Tax on Split Income (TOSI):  Why Does the Federal Government Single Out Small and Medium-Sized Family-Owned Businesses that Provide Services?

Usually tax laws apply to everyone.  However, in 2017, the Federal Government introduced a special tax on dividends that treats family-owned private businesses that provide services more harshly than other businesses that sell goods.  The Federal Government said this new tax was to create “Tax Fairness for the Middle Class”.  But is it fair that the Federal Government imposes higher tax rates just because of what kind of business you are in?

I have practiced tax for over 30 years.  I have never seen another situation where, all other factors being equal, you are taxed differently simply because of the business you are in.

Our tax system has progressive rates which means that the more you make, the higher the rate of tax you pay.  This has been largely accepted in Canada as a matter of social policy and is fair.

We also understand that capital gains are taxed differently than dividends and dividends are taxed differently than salary.

But, if two individuals, both of the same age and circumstances, earn the same amount of the same type of income, we have always had a system that treated both individuals equally.  That was until 2017.

In 2017, the Federal Liberal Government introduced a very complicated tax on split income (TOSI) that changed this basic principle.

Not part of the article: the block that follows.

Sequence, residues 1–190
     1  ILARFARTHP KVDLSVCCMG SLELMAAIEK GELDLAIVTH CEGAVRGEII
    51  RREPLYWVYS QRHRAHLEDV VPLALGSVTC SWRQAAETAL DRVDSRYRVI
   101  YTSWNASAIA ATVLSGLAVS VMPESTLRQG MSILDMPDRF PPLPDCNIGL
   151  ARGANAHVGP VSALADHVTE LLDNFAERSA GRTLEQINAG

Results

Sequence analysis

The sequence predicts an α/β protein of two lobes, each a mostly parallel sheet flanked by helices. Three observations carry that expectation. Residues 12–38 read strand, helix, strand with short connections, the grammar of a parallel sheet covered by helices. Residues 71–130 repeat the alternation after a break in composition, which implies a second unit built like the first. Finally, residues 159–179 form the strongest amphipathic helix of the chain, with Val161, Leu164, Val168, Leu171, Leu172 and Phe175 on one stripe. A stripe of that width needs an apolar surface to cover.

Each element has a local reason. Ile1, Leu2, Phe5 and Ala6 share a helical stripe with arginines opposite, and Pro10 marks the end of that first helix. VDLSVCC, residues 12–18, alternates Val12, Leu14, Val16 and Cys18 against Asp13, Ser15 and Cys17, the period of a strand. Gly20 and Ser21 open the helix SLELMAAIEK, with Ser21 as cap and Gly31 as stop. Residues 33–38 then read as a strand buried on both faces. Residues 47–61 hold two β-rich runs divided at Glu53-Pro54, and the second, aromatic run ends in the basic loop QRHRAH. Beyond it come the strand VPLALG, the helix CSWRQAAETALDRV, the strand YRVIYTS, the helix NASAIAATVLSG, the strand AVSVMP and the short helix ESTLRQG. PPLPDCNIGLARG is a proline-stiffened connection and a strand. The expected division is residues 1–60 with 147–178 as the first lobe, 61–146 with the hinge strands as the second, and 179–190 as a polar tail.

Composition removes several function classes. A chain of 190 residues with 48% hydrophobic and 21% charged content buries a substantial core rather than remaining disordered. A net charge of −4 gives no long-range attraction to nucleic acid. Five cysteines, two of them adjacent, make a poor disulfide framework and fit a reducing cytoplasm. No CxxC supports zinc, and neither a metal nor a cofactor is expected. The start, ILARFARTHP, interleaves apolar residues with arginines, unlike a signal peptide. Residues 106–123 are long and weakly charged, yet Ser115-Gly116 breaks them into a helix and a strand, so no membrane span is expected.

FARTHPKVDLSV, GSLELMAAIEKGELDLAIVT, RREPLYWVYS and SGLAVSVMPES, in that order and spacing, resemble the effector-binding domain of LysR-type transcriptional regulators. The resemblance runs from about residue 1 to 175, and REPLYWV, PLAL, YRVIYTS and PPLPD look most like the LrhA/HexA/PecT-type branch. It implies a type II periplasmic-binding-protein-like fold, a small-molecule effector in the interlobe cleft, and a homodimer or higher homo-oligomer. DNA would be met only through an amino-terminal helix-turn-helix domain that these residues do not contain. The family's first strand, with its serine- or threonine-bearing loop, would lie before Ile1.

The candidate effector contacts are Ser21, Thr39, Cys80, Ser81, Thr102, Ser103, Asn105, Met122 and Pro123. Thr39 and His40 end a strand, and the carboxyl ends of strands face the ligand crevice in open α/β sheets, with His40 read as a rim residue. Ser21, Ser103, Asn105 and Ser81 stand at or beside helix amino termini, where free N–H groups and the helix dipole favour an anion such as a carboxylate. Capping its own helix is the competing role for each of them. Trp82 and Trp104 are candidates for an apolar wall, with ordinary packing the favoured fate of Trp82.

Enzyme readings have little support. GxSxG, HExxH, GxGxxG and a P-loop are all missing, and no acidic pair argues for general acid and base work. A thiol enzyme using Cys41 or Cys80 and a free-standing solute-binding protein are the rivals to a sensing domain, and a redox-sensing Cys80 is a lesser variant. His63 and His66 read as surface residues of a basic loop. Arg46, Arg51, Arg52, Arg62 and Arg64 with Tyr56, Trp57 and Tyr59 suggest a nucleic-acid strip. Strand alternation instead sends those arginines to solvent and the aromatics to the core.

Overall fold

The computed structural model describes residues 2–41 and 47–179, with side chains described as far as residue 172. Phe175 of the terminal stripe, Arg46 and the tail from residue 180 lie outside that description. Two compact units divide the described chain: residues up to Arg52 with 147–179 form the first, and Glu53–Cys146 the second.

Under the new TOSI rules, some people will pay the regular rates of tax and some people will pay the highest possible rate even if they earn exactly the same amount.

Example:  Company A is a small family-owned business that builds houses and sells the finished houses to its customers.  It is considered to be selling something other than its services.  Now imagine that Company B is the same small family-owned business, but instead it builds houses for customers who hire the Company to build the houses.  It doesn’t sell houses.  It provides house building services.

Imagine both Company A and Company B make exactly the same profit in 2019, let’s say $250,000.  Unfortunately for the shareholders of Company B, they are subject to a much more stringent test than the shareholders of Company A (see paragraph (a) in the definition of “excluded shares” in s.120.4(1)).

The Federal Government said is was opposed to income splitting for fairness reasons.  But instead the law treats businesses that provide services more harshly than businesses that sell goods.

That is unless your business is large enough to have its shares traded on a stock exchange.  Then there are no rules preventing income splitting (see paragraph (a) in the definition of “split income” in s.120.4(1)).

So what is the Federal Government trying to achieve?  The “fairness” behind this tax change is very difficult to understand.  But the result is clear:  income splitting is ok if your family business is listed on a stock exchange but not ok if it is too small to be listed.  And if your family business is small, you are favoured if you sell goods rather than provide services.

Government data shows that small and medium-sized private businesses (SME’s) employ more Canadians than large publicly traded corporations.  The data also shows that businesses that provide services are the primary drivers of our current economic growth.  So what is behind this tax?  What does “Tax Fairness for the Middle Class” really mean?  Are small family-owned businesses not part of the middle class?

Let me know your thoughts.

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